It reflects an overall tone in the film where no one seems terribly thrilled about the affairs they’re having, save for Selena and Léonard who actually seem to enjoy each other’s company; but even this spark of illicit connection is undone when Selena ends the affair to a mutual lack of intense emotion on either side. (Save for the fact that Selena is worried that Léonard will write about their relationship in the same way he mines every last event in his life for literary inspiration, going to almost no effort to disguise the real-life inspirations.)

So not only do these characters not seem terribly passionate about their affairs but they are seemingly unmove by end of them.

As a result, it’s well nigh impossible to care too much about too much about the characters which is a pity because they are weirdly likeable in their own way and ferociously, intelligently-engaged with many of the creative issues bedevilling a Twitter-driven world where old-age publishing is having to do battle with the digital usurper.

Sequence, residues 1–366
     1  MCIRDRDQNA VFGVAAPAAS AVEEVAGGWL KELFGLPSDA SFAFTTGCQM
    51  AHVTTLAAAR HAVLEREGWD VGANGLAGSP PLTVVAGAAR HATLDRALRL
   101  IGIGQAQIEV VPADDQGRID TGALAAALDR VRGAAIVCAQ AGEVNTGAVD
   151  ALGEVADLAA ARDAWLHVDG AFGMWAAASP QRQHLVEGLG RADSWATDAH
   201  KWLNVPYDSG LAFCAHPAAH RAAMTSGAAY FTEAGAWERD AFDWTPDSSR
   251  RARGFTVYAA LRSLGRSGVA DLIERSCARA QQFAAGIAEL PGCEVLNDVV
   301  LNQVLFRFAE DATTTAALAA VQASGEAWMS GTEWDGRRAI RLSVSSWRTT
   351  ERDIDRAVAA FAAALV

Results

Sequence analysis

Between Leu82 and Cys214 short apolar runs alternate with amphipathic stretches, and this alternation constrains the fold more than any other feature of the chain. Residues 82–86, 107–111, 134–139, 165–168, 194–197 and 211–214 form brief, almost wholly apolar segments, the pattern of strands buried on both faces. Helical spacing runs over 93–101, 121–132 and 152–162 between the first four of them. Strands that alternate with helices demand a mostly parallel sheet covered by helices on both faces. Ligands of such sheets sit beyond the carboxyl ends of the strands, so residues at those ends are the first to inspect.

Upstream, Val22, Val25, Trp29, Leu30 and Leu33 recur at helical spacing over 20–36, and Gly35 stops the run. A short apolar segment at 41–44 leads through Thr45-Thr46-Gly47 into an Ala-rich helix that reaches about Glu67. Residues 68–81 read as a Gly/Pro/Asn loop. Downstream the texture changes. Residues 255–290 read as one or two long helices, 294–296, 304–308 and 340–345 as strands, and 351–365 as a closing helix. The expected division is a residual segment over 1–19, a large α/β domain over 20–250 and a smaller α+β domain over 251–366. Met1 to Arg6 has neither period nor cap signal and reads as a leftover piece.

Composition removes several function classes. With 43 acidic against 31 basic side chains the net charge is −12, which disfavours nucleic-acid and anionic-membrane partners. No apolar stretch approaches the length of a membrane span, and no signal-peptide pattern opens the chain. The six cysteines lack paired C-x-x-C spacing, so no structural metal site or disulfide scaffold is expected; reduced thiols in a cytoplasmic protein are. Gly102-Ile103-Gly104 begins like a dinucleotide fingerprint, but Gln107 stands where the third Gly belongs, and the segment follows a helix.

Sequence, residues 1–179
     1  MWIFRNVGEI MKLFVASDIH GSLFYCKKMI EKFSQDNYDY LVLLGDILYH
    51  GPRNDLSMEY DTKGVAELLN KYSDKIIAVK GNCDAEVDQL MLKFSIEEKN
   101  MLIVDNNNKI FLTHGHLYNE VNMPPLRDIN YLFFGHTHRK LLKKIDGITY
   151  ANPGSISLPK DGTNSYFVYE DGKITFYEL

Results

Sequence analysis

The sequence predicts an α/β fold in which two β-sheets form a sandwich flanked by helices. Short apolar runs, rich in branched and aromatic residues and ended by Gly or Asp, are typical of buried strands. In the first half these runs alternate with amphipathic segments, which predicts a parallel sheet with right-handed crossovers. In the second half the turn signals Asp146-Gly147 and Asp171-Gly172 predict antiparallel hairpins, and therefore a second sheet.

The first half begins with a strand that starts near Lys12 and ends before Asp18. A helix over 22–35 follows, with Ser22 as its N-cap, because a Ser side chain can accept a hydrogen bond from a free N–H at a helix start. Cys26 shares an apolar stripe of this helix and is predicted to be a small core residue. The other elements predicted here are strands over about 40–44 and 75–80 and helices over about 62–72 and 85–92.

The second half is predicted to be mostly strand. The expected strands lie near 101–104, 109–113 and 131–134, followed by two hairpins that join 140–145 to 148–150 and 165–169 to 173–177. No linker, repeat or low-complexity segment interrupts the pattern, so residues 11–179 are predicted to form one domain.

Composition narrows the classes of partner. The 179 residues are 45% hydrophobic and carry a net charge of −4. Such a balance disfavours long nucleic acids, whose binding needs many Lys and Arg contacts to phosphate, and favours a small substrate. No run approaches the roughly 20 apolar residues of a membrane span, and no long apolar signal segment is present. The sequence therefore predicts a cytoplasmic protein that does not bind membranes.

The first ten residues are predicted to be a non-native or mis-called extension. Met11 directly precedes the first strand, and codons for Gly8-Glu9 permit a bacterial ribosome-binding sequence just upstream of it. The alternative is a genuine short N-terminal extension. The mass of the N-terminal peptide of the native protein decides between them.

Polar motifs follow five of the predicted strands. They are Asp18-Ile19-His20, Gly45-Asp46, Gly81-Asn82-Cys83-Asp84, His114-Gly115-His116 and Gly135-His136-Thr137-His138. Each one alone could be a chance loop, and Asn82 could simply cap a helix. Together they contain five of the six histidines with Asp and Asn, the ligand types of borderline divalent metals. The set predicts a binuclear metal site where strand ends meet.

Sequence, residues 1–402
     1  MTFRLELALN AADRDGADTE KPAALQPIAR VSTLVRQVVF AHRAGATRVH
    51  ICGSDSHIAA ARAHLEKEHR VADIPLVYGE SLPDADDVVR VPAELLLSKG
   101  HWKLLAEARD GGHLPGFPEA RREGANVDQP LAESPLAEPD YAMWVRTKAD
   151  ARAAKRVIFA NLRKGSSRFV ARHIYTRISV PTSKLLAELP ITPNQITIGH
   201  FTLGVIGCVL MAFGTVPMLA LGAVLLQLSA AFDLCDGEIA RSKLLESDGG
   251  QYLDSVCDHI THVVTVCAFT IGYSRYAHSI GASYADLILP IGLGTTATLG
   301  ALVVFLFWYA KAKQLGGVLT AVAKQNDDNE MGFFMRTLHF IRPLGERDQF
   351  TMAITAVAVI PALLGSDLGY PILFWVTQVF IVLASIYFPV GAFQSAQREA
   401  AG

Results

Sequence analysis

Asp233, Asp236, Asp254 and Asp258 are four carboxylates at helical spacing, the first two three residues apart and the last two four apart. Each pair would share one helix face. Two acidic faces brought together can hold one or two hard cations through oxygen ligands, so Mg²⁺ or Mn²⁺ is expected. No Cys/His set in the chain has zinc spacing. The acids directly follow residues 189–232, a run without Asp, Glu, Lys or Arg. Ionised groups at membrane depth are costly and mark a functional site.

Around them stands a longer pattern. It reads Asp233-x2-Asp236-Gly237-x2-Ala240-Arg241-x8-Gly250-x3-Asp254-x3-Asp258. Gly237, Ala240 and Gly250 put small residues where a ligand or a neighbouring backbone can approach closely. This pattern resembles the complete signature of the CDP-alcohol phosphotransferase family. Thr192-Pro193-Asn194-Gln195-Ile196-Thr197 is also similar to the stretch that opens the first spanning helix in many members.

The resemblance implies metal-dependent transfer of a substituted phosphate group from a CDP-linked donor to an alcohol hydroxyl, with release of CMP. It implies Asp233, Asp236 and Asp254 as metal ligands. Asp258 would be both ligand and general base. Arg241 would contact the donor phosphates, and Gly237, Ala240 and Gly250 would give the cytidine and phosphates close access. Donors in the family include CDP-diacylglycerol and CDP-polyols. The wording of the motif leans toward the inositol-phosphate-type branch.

It’s a pertinent issue for Alain, a digital agnostic who is open to new things but not quite as enamoured about the power of social media and blogging as his curiously-detched head of digital transition Laure who only really lights up when she is discussing the way the new arrival on the publishing scene will wipe all before it.

But will it really?

Selena thinks not and is at pains to make it clear that she is a champion of the printed word, unconvinced by the arguments of the wine-sipping intelligentsia who seem to have nothing better to do than move from one playfully but intensely-argued dinner to another.

There’s nothing wrong with the arguments themselves; Assayas neatly sums up the ideas facing up against each other in time of creative transition, citing, for instance that e-books, once seen as the natural successor to the printed words are falling well behind the surging popularity of audio books and the rise and rise of bookstores who are selling more books than ever.